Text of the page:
Shooter Jennings — the unpredictable, always-entertaining son of country icons Waylon Jennings and Jessi Colter — will release his eighth album, Shooter, on August 10 on the great Dave Cobb's Low Country Sound imprint. (The two are longtime collaborators, most recently on Brandi Carlile's big By the Way, I Forgive You.) It's a Shooter album that's unabashedly straight-up country, and you can't fault him for that.
"Denim and Diamonds" is the latest single, debuting today on FADER with a deranged video inspired by Hee Haw ("Knock knock," "Who's there," "I fucked your mother," "I fucked yours too!") Below, he explains the sweet story behind it, which involves a little Garth Brooks and Waffle House — this is the kind of song you don't just roll out of bed and write, but have to kick around life for decades to figure out. I'm all the way for it.
SHOOTER JENNINGS: A lot of times when I write a song it is a musical personification of someone I know. Sometimes it is a fictional person or story that I’m singing to or about. But in the best of cases it is often about a real person that I know. Denim and Diamonds is one of those songs. It’s about kind of a melting pot of people that I observed over a period of time. But there is one person that comes to mind. Her name was Rain Beach and she used to go dancing at Denim and Diamonds on Saturday nights.
(The line dancing culture of the late 80s and early 90s country scene was a craze that centered around the musical movement started by Garth Brooks and George Strait. Cowboys and cowgirls dressed in western wear would flock to places like Denim and Diamonds and Silverados to drink beer, listen to music and line dance. It was the social scene built around the explosive new rodeo country that was taking the nation by storm.)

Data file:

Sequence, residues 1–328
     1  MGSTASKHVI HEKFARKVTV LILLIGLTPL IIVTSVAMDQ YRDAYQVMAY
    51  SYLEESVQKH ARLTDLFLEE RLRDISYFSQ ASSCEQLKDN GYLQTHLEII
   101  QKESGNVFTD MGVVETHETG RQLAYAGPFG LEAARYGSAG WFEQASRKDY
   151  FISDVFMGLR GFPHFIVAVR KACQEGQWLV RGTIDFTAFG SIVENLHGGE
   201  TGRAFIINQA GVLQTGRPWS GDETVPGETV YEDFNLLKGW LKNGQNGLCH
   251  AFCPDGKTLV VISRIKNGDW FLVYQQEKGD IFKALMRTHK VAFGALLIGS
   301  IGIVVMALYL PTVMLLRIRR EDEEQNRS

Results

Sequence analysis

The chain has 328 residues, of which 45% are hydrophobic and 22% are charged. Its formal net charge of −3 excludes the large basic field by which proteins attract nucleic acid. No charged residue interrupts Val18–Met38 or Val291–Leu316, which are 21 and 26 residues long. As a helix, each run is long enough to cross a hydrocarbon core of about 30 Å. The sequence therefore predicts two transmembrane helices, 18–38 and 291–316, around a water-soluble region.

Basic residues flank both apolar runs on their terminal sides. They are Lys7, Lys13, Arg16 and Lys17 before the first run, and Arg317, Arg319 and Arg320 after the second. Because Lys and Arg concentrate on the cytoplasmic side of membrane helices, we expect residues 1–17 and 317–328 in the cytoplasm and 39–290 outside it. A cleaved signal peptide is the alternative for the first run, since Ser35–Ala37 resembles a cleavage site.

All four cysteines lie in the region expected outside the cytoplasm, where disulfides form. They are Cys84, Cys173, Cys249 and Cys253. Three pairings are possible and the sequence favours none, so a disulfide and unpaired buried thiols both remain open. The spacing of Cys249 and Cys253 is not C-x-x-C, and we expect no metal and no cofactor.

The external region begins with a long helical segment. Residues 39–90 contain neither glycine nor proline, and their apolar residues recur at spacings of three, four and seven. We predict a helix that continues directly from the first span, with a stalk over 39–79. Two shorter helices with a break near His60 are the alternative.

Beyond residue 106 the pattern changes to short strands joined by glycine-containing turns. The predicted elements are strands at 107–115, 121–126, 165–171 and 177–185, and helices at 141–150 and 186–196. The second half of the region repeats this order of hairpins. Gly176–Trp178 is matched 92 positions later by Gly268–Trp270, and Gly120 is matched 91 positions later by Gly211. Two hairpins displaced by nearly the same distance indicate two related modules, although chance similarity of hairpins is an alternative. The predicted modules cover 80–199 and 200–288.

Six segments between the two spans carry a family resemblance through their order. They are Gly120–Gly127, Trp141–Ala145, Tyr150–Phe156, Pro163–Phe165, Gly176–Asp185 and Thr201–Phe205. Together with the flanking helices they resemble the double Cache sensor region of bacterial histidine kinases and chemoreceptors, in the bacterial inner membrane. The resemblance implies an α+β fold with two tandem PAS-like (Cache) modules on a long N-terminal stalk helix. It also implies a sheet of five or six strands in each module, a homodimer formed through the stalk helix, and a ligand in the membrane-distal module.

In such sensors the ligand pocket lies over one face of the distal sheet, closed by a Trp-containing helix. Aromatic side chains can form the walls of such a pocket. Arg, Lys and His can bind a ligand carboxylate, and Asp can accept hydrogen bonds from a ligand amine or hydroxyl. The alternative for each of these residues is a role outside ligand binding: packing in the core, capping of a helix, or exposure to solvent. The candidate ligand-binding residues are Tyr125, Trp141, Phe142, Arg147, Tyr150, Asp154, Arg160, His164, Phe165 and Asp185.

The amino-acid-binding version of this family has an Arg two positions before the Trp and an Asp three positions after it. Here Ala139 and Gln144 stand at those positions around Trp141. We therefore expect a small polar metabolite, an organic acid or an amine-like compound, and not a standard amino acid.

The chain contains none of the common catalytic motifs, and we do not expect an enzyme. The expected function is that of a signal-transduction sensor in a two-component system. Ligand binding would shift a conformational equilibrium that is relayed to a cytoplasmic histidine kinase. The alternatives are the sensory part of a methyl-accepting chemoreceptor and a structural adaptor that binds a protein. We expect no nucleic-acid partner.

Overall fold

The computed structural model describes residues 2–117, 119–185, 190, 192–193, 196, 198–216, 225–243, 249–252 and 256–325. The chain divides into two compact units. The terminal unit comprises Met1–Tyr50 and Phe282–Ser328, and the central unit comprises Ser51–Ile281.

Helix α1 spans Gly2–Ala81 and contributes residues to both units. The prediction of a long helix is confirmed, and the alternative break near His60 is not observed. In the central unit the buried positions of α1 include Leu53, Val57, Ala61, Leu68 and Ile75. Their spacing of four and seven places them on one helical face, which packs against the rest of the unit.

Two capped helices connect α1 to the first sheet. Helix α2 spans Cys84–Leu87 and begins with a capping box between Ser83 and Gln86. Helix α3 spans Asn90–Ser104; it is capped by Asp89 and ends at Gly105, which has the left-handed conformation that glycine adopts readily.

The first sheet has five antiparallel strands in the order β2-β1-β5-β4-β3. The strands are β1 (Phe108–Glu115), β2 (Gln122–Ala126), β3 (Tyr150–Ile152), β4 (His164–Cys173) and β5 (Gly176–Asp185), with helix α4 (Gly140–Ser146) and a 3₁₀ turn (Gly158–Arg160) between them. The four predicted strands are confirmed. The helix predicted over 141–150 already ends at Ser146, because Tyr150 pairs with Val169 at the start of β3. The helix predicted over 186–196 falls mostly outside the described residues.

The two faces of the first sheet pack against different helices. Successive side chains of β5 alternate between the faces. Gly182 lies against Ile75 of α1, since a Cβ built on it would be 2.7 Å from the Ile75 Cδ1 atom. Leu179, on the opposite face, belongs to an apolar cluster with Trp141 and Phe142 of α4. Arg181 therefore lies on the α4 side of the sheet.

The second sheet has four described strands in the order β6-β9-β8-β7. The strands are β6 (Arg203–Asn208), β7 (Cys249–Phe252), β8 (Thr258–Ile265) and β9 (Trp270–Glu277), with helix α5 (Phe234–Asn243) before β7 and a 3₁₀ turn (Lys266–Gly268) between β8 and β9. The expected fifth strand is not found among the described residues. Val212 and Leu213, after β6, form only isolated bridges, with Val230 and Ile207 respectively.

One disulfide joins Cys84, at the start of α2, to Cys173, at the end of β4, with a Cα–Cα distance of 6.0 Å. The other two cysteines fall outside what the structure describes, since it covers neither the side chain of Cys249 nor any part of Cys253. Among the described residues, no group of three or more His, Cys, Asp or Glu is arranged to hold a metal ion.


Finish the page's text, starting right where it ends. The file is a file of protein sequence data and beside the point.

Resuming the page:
I didn’t really like the Garth Brooks era of country when it was being released. To be honest I kind of detested it. I was into MTV and rock and roll music at the time dreaming of a life of debauchery in Hollywood.
In high school, Rain and I became unlikely friends. She would often come over after she’d been out dancing all night and play “The Dance” on my cassette deck and dance around. She was into cowboys and she loved dancing.
I used to give her a hard time about listening to all that. Of course, now I like a lot of that old country. I’ve become a huge George Strait fan over the years. But back then I’d call her a redneck and tease her about her dancehall nights.
When I was writing the lyrics to the song, Rain Beach popped into my head. I wondered how she was doing and what her life was like now. I liked to imagine she still got to get out and go dancing. I look back on those time with fondness for the simplicity and carefree attitude of young life.
I myself have had my share of hard times and find often reflecting back to those times brings a smile to my face. When I was working on Brandi Carlile's record, there was a Waffle House I would stop at on the way to the studio every morning for breakfast. There were these ladies who worked behind the counter ranging from early 20s to 60s in age. At one point a Shania Twain song came on in there and they all started dancing, slinging their spatulas around singing along loud to the song.
Somewhere between these kind-hearted southern ladies and Rain Beach, the woman in Denim and Diamonds was born and I could see her and feel her plight in my mind when I went to start writing the song.
I know everybody out there knows a strong, good timing woman like that. And this song is for them!